Which things are worth the expense, and which things should we go cheap on? Meadows states that we should buy quality for the things we use every day (computer, smartphone, knives, tools) and things that lead to risk of ruin (safety gear, contraceptives, fitness equipment). In the middle of these areas are the things ‘between you and the ground’, such as shoes, beds, and tires.
Main lessons from financial capital asymmetries:
- If you own too many things, it closes off options (true costs are often hard to estimate)
- If you can get the value of a depreciating asset by renting or leasing it, then that’s better than outright owning it
- Well-being can be improved by setting your expectations low and looking for experiences that could have a surprise – a high upside.
- To prevent hedonistic adaptation create artificial scarcity in ‘positive’ experiences. Meaning: don’t take an expensive vacation every month, and save the good bottle of wine for a celebration.
- Option value can be found on the road less travelled, if you go where everyone else goes then the risks are low, but the benefits as well.
- There is a trade-off between personal enjoyment and external signalling. Brand-name products and experiences usually lead to the latter; so beware of playing status games you don’t want to play.
Asymmetrical options in the health domain
Main lessons from health capital asymmetries:
- Good health means the absence of problems. There’s only so much upside when it comes to health, but the downside can be enormous.
- While death ends all options (obviously), disease and disability also destroy it. But for most people, the biggest issue is the silent accumulation of risk due to lifestyle.
- Drugs, diets, supplements, novel exercise regimens are usually dead ends: the benefits are modest at best, they don’t have asymmetrical rewards.
- In health capital, there are many opportunities for automation. It’s stable, and so when you know what works for you, make it a habit and stop experimenting (if you don’t want to).
Asymmetrical options in the social domain
Attention is asymmetrically divided: famous people receive the lion share of praise or attention which means they are unlikely to respond or help us socially. But ‘getting in on the ground floor’, by backing talented people who are not yet famous, can result is potential big upsides. “Place your chips early, stand behind your friends, and shill for the unshilled.”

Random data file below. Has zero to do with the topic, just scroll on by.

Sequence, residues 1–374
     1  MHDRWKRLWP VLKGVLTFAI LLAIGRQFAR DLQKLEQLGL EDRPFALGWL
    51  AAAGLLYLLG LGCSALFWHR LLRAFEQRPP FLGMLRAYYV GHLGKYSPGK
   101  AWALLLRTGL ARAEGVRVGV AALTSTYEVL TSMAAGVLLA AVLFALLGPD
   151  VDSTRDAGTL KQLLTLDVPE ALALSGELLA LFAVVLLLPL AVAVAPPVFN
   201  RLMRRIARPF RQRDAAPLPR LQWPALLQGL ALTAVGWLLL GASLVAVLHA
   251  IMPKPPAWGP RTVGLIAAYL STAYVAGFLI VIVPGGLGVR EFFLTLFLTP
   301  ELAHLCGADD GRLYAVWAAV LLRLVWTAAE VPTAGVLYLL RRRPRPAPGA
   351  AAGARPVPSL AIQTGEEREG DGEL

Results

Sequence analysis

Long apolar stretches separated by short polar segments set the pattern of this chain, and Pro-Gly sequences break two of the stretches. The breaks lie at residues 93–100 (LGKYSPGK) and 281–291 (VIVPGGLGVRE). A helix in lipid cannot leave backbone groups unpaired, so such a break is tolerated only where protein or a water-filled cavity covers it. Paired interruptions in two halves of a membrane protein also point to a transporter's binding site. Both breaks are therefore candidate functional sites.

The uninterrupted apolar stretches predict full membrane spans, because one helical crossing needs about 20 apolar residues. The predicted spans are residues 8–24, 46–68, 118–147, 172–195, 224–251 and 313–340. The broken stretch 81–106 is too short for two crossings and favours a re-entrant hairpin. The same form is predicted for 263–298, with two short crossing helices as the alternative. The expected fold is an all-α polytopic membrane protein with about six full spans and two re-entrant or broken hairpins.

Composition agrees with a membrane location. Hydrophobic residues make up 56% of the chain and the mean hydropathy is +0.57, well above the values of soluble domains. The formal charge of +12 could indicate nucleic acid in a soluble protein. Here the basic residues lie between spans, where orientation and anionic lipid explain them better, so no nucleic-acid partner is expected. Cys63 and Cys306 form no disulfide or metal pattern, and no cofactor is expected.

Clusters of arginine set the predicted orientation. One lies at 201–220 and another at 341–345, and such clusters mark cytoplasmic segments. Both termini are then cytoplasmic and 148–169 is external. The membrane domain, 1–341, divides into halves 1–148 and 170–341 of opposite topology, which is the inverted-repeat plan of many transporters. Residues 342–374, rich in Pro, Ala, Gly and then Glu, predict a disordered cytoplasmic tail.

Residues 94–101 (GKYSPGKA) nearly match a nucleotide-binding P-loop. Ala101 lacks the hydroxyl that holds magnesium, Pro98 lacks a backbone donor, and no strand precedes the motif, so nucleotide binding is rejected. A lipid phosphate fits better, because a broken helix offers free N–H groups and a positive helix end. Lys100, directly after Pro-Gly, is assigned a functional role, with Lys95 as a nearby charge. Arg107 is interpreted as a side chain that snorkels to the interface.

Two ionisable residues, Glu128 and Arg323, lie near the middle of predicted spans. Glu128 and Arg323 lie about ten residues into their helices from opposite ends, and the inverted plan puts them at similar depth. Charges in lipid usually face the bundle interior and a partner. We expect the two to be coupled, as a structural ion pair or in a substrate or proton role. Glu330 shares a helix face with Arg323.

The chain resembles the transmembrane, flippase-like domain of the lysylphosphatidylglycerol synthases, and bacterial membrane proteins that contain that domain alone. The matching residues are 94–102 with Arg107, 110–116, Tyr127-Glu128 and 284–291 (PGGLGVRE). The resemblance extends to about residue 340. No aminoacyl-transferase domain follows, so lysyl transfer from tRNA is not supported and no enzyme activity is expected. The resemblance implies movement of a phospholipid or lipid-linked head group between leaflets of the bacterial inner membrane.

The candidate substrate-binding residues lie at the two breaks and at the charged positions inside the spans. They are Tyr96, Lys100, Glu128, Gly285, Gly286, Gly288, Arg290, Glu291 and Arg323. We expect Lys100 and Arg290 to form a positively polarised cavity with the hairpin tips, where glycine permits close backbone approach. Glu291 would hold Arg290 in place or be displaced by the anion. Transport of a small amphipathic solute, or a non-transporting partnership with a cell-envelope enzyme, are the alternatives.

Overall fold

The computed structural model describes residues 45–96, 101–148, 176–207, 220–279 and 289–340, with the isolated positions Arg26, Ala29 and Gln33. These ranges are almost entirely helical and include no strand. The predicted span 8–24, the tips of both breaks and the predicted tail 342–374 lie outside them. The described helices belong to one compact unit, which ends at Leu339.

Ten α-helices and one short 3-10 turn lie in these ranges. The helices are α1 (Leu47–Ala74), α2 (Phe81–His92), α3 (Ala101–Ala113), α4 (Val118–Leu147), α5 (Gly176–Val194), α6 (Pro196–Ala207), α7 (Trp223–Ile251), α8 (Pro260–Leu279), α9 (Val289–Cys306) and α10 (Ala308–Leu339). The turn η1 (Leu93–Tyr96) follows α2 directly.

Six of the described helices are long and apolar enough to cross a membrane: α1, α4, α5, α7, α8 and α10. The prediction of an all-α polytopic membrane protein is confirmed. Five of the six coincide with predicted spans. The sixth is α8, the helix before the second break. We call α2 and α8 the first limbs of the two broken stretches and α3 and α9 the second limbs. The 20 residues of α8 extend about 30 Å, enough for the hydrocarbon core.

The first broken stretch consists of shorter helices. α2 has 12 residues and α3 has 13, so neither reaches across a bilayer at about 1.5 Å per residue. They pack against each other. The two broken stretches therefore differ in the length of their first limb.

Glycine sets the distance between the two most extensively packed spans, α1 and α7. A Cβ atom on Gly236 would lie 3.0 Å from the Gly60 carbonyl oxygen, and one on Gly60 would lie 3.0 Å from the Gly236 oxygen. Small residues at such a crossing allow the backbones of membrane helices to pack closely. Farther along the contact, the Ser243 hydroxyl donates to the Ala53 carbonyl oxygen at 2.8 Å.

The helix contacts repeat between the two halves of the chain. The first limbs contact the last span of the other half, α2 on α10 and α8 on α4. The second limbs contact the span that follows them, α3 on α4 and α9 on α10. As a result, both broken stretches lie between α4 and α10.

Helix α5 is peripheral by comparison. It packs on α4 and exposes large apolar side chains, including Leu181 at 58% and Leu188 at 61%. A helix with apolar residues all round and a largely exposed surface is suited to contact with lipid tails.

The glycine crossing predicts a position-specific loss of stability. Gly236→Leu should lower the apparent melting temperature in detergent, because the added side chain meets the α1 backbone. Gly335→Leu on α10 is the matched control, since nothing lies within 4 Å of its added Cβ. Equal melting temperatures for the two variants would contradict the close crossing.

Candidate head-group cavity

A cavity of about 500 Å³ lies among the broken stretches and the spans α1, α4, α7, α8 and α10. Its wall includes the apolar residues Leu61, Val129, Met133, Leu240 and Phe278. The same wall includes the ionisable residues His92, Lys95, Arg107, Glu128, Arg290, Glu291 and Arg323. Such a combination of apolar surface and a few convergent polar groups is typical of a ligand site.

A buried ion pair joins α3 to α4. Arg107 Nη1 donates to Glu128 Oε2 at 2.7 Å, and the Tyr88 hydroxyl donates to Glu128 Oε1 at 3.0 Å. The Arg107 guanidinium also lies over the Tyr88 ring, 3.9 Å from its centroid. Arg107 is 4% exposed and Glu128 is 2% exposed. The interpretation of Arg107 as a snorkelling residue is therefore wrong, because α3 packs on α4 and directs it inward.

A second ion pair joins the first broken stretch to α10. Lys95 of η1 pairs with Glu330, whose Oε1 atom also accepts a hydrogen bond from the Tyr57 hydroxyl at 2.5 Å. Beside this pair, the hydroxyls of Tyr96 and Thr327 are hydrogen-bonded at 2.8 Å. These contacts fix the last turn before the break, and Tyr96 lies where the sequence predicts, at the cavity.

To exploit these asymmetries you need to create serendipity. This is usually very cheap, with a low downside (just the initial time investment), and could potentially lead to major results. Examples are events, special interest groups, and coffee meetups. This is the opposite of networking events where everyone is trying to gain some benefit. So decide what type of people you want to meet, where you can find them, and, after that, it becomes a numbers game to get serendipitous results.
Social media is a tool and, if possible, should be used to build meaningful connections. Meadows advises to move away from proximity to the average user, and customise and min-max the connections to build meaningful relationships. Stay inside a bubble because most social media is toxic.
Main lessons from social capital asymmetries:
- Friendships are conditional, if you have toxic people in your life you need to get them out, or at least keep your distance.
- Lindy effect also applies to relationships: invest in the oldest ones first.
- You can secede into your own bubble of like-minded people, especially with social media this avoids toxicity and being outraged by things that are not important.
- Become part of an ecosystem (“scenius”), and if not possible try to meet or get exposed to as many tribe members as possible.
- Use the internet: blogs, Twitter and email all expose you to people you never could have met before.
- But don’t spread yourself too thinly, always focus more on your closest relationships.
Asymmetrical options in the knowledge domain
Meadows argues that for the average person it’s much better to pursue generalism than specialism. “Without certain blessings – genetic or otherwise – it’s impossible to push the cutting edge of most specialised fields. But if you find a way to combine your modestly competent skills, you can excel in an entirely new niche of your own making.” This plays into Scott Adams’ talent stack idea: combine a few skills you’re better at than the average person, and you will gain a unique mix of value.